Diplomats urge Taliban to halt Afghan offensive

Published : July 20, 2021 13:44 IST

Doha talks between Afghan officials and the Taliban political leadership failed to produce a ceasefire agreement. Photo: Media office of Afghanistan High Council for National Reconciliation

Fifteen diplomatic missions in Afghanistan are calling for a ceasefire amid a major Taliban offensive, which appears to be gaining momentum.

No fewer than 15 diplomatic missions, along with NATO's representative in Afghanistan, are urging the Taliban to halt an ongoing offensive. The call comes after high-level talks failed to reach a cease-fire agreement. Talks took place in the Qatari capital, Doha, and were attended by a delegation of Afghan leaders and the Taliban's political leadership.

What are the diplomatic missions saying?

"The Taliban's offensive is in direct contradiction to their claim to support a negotiated settlement of the conflict and to the Doha peace process," the statement said.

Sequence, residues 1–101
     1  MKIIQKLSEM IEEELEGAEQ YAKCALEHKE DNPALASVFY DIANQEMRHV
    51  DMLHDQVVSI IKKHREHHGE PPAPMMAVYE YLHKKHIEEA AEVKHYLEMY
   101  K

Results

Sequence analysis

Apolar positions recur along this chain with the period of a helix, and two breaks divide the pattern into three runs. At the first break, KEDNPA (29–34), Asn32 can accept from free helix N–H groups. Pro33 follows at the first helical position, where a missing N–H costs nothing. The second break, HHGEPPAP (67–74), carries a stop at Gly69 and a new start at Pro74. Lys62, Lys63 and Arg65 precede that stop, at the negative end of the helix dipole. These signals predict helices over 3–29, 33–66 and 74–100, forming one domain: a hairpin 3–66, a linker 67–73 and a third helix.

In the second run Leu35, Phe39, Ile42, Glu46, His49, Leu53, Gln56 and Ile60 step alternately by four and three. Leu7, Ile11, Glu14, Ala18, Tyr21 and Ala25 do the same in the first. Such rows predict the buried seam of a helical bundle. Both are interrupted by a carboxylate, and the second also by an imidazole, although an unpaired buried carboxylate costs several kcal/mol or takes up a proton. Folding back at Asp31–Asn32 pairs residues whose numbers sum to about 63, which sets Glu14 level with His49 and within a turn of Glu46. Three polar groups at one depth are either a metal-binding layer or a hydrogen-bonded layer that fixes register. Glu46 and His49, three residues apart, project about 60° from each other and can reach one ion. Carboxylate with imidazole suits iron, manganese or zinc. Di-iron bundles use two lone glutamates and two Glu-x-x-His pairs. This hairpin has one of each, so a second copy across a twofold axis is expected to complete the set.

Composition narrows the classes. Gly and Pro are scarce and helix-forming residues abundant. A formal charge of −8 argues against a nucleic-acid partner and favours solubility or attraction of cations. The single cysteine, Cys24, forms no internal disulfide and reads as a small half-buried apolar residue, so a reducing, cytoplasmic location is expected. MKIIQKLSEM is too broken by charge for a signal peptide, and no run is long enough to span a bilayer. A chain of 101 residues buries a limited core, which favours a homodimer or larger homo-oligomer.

"This Eid al-Adha [Festival of the Sacrifice], the Taliban should lay down their weapons for good and show the world their commitment to the peace process," it read.

The statement has the backing of the U.S., Australia, Canada, Germany and France, among other governments.

The Taliban continues to make gains

The Taliban have not wasted any time and have made significant territorial gains as the official deadline for the end of U.S.-led military operations draws near.

On July 19 the militant group claimed to have taken Dehrawood district in Uruzgan province, southwest of Kabul. It has also captured all 17 of Herat province's districts, while Herat City is currently under siege.

What is expected to happen next?

The Afghan delegation and the Taliban's political leadership say they will meet again following the Doha talks. There was also an agreement that the warring parties would not harm public infrastructure. President Joe Biden has said the U.S.'s 20-year military mission will formally end by August 31.

kb/msh (dpa, Reuters)